As Emma Woodhouse, she is everything Jane Austen describes in her novel: handsome, clever and rich. And she’s a constant, a graceful and articulate catalyst who provokes and inspires the rest of the characters.

Emma is also spoiled, headstrong and greatly overestimates her talent as a matchmaker. As a somewhat unlikable leading character, Tyler plays someone who’s blind to the calamities of how  meddling in other people’s lives often leads her astray.

During this weekend’s performances, multi-talented, boyishly-handsome Royen Kent effortlessly steps into the many roles usually played by Cory David Williamson, as Actor 2.

Kent plays George Knightly with a proper, bemused attitude that allows him to observe Emma’s machinations and offer a gentle scolding whenever needed. However, where Kent truly excels is in his lightning-fast transformations, in which he suddenly becomes many other strong characters, male and female.

Another standout is Madeline Pell as sweet, innocent Harriet Smith. She’s been taken under Emma’s wing as her next matchmaking project but Harriet is continually disappointed as the brunt of her friend’s foiled efforts.\

Last seen as humorous Mrs. Whatsit in Lifeline’s “A Wrinkle in Time,” Pell is, once again, extraordinary. As Actor 4 she quickly shifts from character to character

For instance, as the eccentric spinster, Miss Bates, Pell shares some of her funniest scenes with an antique mannequin that stands in for her character’s  elderly mother.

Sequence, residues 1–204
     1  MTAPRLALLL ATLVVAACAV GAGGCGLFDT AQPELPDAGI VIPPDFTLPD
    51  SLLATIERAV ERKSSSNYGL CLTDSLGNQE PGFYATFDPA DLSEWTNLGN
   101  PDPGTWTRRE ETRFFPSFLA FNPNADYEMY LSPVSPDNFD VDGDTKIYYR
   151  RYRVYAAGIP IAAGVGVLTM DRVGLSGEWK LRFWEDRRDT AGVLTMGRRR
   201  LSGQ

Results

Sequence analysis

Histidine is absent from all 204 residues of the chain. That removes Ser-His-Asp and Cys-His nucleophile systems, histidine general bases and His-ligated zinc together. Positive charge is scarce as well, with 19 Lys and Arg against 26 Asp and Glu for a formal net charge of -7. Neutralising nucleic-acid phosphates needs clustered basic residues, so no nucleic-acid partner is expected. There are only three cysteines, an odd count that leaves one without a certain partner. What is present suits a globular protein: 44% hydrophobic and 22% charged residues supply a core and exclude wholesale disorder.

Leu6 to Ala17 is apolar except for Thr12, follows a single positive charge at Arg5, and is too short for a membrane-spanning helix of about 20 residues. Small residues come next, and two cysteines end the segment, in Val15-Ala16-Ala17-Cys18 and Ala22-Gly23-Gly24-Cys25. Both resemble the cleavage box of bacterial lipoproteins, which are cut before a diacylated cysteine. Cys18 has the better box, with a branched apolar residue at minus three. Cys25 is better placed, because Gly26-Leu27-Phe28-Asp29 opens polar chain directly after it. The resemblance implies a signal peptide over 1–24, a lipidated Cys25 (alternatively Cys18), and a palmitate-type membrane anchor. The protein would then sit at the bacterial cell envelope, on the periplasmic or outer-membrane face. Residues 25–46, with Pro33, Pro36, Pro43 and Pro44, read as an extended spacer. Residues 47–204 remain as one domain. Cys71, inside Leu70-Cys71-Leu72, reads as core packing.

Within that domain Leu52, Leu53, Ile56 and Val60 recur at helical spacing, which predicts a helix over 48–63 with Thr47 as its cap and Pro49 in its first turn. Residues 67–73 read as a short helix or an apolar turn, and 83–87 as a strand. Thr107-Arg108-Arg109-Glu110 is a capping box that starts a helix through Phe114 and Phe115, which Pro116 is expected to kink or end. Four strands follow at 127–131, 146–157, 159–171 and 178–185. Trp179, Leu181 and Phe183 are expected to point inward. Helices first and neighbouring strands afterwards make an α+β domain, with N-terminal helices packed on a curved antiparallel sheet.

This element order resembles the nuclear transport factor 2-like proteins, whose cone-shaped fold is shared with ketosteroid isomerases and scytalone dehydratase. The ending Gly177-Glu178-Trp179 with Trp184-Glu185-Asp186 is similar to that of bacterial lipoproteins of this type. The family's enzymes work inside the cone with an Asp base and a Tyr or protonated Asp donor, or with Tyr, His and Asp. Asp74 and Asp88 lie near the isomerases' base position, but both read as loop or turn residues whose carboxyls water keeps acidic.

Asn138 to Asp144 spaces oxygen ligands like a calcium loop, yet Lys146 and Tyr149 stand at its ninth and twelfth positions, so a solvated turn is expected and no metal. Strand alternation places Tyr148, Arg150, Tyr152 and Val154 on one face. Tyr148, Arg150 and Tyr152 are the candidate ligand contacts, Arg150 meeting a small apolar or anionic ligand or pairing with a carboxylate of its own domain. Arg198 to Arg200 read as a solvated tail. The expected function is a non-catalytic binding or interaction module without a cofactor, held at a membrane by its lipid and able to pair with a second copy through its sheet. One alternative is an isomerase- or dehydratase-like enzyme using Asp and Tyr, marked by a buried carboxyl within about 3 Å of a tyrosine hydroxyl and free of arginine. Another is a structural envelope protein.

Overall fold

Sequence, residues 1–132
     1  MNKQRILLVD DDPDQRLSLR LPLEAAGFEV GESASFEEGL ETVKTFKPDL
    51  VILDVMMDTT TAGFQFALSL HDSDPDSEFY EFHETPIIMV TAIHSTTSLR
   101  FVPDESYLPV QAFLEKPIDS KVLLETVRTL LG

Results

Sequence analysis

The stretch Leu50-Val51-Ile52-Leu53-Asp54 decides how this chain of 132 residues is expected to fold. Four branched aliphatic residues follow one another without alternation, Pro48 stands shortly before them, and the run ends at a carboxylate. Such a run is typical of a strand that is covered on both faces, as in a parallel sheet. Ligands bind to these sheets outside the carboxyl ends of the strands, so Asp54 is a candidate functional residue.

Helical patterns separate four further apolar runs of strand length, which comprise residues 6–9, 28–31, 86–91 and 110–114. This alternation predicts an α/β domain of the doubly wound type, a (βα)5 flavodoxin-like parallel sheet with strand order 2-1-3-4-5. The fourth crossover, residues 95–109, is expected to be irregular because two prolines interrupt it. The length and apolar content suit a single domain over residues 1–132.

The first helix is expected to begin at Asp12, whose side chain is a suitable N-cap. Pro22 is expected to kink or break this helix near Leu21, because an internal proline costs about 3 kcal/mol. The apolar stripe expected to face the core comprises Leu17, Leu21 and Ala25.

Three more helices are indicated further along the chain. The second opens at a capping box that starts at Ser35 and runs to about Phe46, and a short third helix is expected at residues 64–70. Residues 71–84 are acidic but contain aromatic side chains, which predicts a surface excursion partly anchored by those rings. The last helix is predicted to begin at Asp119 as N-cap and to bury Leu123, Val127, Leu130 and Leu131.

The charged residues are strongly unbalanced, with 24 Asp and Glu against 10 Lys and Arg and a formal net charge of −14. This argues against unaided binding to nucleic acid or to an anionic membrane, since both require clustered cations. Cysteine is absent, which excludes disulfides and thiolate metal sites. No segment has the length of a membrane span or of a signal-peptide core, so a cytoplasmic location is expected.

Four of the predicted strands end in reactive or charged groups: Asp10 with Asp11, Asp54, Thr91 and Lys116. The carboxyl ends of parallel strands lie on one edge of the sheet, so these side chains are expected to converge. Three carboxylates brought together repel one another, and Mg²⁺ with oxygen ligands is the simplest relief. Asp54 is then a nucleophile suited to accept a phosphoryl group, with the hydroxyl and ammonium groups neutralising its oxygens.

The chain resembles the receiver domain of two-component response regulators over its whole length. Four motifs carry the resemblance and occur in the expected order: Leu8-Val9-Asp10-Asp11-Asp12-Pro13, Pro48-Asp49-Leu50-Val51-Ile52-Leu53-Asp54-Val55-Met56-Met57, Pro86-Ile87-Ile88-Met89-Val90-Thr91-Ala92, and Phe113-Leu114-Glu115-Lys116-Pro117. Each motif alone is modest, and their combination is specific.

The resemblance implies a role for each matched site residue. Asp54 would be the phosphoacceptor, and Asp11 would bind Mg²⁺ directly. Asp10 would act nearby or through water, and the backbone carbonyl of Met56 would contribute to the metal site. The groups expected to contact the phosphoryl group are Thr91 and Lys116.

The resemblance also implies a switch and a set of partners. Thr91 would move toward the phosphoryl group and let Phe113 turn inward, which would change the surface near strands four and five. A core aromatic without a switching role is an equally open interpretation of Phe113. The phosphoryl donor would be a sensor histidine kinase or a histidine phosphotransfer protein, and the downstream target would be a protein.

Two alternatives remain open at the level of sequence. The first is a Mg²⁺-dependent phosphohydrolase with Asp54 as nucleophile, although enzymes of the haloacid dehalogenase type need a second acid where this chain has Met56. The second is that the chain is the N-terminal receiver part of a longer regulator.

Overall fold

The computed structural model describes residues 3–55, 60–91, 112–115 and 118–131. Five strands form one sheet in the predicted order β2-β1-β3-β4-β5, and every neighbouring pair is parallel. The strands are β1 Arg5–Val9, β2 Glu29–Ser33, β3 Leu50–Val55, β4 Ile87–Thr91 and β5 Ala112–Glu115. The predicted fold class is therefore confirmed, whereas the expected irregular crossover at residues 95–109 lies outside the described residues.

As Actor 3, Peter Gertas ably plays most of the male characters in this story. He’s equally mesmerizing and competent portraying Mr. Elton, Frank Churchill, Mr. Weston, John Knightly, sometimes elderly Mr. Woodhouse and even some of the fluttering female characters.

Lovely Jeri Marshall is proficient in the roles relegated to Actor 5. She beautifully plays Emma’s beloved governess and friend, Miss Taylor, along with shy, reticent Jane Fairfax. But where Marshall really stands out is in her hilarious, over-the-top portrayal of Augusta Hawkins, Mr. Elton’s wealthy, but pretentious, boastful and boorish new wife.

For fans of Jane Austen’s work, this two-hour visit to fictional Highbury, England, will enchant and entertain.

Although many theatergoers may only know this story from the more modern,  1995 film adaptation, “Clueless,” or the 1996 period comed, that starred Gwyneth Paltrow, Timberlake’s adaptation breathes new life into this story.

He makes the somewhat complicated tale about a self-entitled busybody amusing, honest and authentic. And, the greatest achievement of Kauzlaric’s loving production, the play is bound to inspire new readers to pick up this novel while motivating diehard Jane Austen fans to revisit this, and her other novels. Bravo!

DETAILS: “Emma” is at Lifeline Theatre, 6912 N. Glenwood, Chicago., through July 14, 2019. Running time: 2 hours with one intermission. For tickets and other information call (773) 761-4477 or visit Lifeline Theatre.

Colin Douglas

For more shows visit Theatre In Chicago.